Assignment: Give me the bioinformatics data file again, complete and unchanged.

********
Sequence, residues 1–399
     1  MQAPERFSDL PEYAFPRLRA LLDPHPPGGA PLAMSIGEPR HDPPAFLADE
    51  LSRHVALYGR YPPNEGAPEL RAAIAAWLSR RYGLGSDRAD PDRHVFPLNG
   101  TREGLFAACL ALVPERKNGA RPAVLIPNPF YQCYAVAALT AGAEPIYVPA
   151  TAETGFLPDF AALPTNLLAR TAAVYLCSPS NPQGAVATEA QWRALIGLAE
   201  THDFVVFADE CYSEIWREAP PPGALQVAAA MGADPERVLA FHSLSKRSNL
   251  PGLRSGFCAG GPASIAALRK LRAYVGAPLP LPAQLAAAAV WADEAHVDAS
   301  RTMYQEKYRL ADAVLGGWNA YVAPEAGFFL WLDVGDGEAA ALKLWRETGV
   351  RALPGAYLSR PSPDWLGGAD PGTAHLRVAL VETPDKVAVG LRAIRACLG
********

Sequence, residues 1–399
     1  MQAPERFSDL PEYAFPRLRA LLDPHPPGGA PLAMSIGEPR HDPPAFLADE
    51  LSRHVALYGR YPPNEGAPEL RAAIAAWLSR RYGLGSDRAD PDRHVFPLNG
   101  TREGLFAACL ALVPERKNGA RPAVLIPNPF YQCYAVAALT AGAEPIYVPA
   151  TAETGFLPDF AALPTNLLAR TAAVYLCSPS NPQGAVATEA QWRALIGLAE
   201  THDFVVFADE CYSEIWREAP PPGALQVAAA MGADPERVLA FHSLSKRSNL
   251  PGLRSGFCAG GPASIAALRK LRAYVGAPLP LPAQLAAAAV WADEAHVDAS
   301  RTMYQEKYRL ADAVLGGWNA YVAPEAGFFL WLDVGDGEAA ALKLWRETGV
   351  RALPGAYLSR PSPDWLGGAD PGTAHLRVAL VETPDKVAVG LRAIRACLG